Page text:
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EASY DOES IT
Grades 5-6

Overview

This lesson will provide students with an understanding of how inclined planes make work easier and the relationship between distance and force. The students will measure the force needed to move a model car a certain distance. The students will also measure the force needed to move a model car the same distance along an inclined plane. The students will make mathematical predictions based on the formula W = f x d and prove their predictions through experiments, demonstrating their knowledge of the distance and force relationship.
ITV Series
Simple Machines: Working Together (Coronet Films)
Bill Nye, The Science Guy: Simple Machines (KCTS/Seattle)

Learning Objectives
Students will be able to:

Materials
Per Class:
Per group of three:
Per student:

Vocabulary

Pre-Viewing Activities
The vocabulary words will be written out with pictures to demonstrate the words. They will be placed around the room. Student volunteers will be asked to read each one. Students may volunteer some machines we use in everyday life.

Focus Viewing
The focus for viewing is a specific responsibility or task(s) students are responsible for during or after watching the video to focus or engage students' viewing attention.
Say, "Today we are going to learn about inclined planes, otherwise called ramps, that are a simple machine. We will learn how they work and how they help us to use less force." Say, "Can you see in the video two other machines that are inclined planes other than a ramp?"

Viewing Activities
BEGIN the video Simple Machines: Working Together immediately after opening credits showing a cartoon cave with a tree on the left. PAUSE the tape after narrator says, "but to scientists, work means something special." Ask if anyone can tell us what work is. (Use vocabulary definitions as a reminder if needed.) RESUME video, PAUSING after, "with all simple machines, the input work and the output work are equal, except for small losses through friction." Ask, "what is friction?" (Again, refer to vocabulary if needed.) Ask, "what kind of loss would you expect if there were no friction? What might happen?" RESUME the video and PAUSE after, "so for all simple machines the input force X and its distance are equal."

Write w = d x f on chart and review with students. Give examples such as: if w = 18, what could d x f equal? (9 x 2, 18 x 1, 3 x 6). RESUME the tape and PAUSE after "only their products have to be the same." Ask, "what is a product?" (The answer in multiplication.) Say, "so if I have a force of 3 pounds and a distance of 2 feet, what would my product be?" (Point out that answers must be in foot pounds, answer 6 ft. lbs.) Ask, "Can anyone give a different output force and distance to equal 6 ft. lbs.?" (accept 6 x 1 or 1 x 6) RESUME the tape. PAUSE after, "six times what equals 120?" (answer 20) RESUME tape and STOP after the caveman is knocking his head with his finger and says, "you can control the amount of the trade."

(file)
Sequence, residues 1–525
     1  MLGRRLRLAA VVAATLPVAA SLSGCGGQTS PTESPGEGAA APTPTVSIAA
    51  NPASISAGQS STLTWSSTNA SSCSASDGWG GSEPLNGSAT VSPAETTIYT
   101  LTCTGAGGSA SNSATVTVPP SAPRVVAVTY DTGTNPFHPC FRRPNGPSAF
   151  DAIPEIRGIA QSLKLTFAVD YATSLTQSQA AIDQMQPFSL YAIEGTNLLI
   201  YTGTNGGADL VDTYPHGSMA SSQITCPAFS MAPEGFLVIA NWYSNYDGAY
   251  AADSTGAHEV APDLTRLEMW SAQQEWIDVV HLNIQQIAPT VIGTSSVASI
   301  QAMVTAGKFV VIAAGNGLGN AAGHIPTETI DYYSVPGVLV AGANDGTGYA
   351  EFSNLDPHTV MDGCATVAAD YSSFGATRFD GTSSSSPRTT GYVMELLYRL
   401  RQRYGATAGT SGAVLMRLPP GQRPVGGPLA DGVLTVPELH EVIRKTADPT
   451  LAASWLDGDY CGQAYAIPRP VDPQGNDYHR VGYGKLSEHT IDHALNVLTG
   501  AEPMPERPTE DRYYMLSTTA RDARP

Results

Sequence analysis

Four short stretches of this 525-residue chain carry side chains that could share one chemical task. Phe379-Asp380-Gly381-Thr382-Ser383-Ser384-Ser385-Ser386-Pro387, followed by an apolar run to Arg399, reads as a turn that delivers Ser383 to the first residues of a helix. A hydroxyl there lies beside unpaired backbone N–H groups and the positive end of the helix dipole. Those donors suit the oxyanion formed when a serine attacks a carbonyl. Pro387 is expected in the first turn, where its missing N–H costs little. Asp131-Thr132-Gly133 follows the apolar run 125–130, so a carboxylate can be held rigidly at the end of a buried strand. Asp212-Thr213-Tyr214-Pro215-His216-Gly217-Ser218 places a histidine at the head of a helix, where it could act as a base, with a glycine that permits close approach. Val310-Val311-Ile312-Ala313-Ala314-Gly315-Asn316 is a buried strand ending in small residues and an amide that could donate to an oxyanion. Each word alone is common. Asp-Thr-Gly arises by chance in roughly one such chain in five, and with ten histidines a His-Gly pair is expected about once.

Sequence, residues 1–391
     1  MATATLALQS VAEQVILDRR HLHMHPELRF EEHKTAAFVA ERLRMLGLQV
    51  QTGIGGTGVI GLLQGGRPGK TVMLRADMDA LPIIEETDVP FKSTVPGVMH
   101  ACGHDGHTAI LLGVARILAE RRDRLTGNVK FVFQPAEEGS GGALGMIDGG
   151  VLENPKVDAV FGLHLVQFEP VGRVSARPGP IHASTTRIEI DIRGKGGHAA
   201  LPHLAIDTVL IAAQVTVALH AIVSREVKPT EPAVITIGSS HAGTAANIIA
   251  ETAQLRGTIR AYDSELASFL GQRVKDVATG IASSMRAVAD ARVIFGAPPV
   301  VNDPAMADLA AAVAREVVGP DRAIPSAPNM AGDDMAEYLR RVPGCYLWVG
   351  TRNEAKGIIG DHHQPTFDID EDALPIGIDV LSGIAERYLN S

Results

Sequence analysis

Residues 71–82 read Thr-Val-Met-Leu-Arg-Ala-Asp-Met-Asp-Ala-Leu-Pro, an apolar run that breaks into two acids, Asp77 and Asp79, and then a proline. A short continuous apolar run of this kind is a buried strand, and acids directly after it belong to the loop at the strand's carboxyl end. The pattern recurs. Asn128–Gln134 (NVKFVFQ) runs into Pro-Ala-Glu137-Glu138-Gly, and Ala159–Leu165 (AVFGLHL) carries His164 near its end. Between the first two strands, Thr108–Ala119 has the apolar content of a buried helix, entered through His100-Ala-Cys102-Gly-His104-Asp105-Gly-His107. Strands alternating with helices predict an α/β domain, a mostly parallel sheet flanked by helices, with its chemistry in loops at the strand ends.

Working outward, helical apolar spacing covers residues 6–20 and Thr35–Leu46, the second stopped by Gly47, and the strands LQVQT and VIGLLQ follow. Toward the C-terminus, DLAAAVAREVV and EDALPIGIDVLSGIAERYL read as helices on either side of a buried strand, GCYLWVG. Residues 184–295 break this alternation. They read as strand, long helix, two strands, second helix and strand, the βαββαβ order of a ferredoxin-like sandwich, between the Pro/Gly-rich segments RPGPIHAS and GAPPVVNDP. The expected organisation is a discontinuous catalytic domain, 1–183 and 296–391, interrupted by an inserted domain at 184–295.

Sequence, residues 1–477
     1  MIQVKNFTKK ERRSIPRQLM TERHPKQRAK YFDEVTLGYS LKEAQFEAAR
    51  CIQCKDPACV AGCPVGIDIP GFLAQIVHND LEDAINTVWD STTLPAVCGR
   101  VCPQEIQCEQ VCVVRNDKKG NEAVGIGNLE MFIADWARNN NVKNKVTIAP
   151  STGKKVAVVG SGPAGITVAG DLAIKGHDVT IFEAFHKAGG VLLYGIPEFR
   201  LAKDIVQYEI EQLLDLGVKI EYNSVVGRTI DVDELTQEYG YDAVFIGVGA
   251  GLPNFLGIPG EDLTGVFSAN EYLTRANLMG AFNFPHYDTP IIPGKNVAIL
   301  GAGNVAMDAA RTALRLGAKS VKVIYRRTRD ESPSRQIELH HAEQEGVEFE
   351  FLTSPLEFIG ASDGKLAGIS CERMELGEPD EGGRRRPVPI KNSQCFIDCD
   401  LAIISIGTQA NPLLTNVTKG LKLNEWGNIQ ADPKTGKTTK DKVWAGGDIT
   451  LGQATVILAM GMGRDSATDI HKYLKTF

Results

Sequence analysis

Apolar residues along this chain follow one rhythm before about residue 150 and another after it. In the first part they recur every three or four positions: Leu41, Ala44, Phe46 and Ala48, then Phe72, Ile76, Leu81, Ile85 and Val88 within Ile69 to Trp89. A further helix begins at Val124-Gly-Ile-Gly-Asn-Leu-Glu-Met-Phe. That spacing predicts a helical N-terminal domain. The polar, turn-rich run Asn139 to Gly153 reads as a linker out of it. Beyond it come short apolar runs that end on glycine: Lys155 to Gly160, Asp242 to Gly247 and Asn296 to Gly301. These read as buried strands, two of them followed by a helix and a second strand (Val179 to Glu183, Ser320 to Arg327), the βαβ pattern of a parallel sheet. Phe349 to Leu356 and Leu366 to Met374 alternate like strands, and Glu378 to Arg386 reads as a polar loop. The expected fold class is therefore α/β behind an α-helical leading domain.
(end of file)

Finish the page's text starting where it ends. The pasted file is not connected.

Change tape, insert Bill Nye, The Science Guy: Simple Machines. BEGIN the tape as Bill Nye slides down a fire pole and after reaching the bottom says, "using the fire pole is a fast and fun way to get down here, but using it to get back is another story." PAUSE after he says, "this is too much work." Ask, "what work is he talking about?" Help students relate this to the force needed to pull himself a distance up the pole. RESUME video and PAUSE after Bill Nye says, "we could use a ramp." Ask, "does anyone know what a ramp is?" Help students recognize it as an inclined plane. RESUME video and stop after the child's experiment with ramps and books as he says, "cool." STOP tape at the screen saying, "ramps equal less force." Ask if anyone can explain how ramps equal less force. Remind students to think about w = d x f.
Post-Viewing Activities
Divide the class into groups of three. Pass out materials. Have the students attach the spring scale to the car and measure the force needed to lift the car straight up to the top of the box. Record the force needed and the distance lifted on the worksheet. Complete the formula w = d x f.

Experiment #2 worksheet: Using the shortest ramp, measure the ramp and fill in under "d" on the worksheet. Attach the spring scale to the model car and place the car at the end of the ramp as seen in the picture. Pull the car up the ramp to the top of the box. Record the force needed to pull the car up the ramp and enter it in the formula under "f." Complete the formula to find out how much work was needed to pull the car up the shortest ramp.

Experiment #3 is completed the same as #2 using the middle-sized ramp.

Experiment #4: Measure the longest ramp. Predict the force that will be needed to pull the car up the ramp. Test your prediction by pulling the car up the ramp following the same directions as Experiment #2 and #3.

Complete the questions included in the experiments.

Action Plan
Plan a neighborhood walk looking for inclined planes.

Have a car race using different length ramps, vs. different weighted cars and same distance ramps.

Invite a carpenter to discuss the construction and uses of ramps, and the formula used to determine the appropriate distance and angle of ramps.

Extensions
Language Arts: Write a story of how the first use of a ramp came to be.

Math: Calculate what distance a ramp should cover for the force to be 1, 2, 3, 4 or 5 pounds for a work load of 60 ft. lbs. Make up other combinations. Given the work and distance, calculate the force. Given the work and force, calculate the distance.

Social Studies: Research the earliest inclined planes, people who used them, and the work they were doing.

Master Teacher: Mary Hanson

Worksheet
Click here to view the worksheet associated with this lesson.

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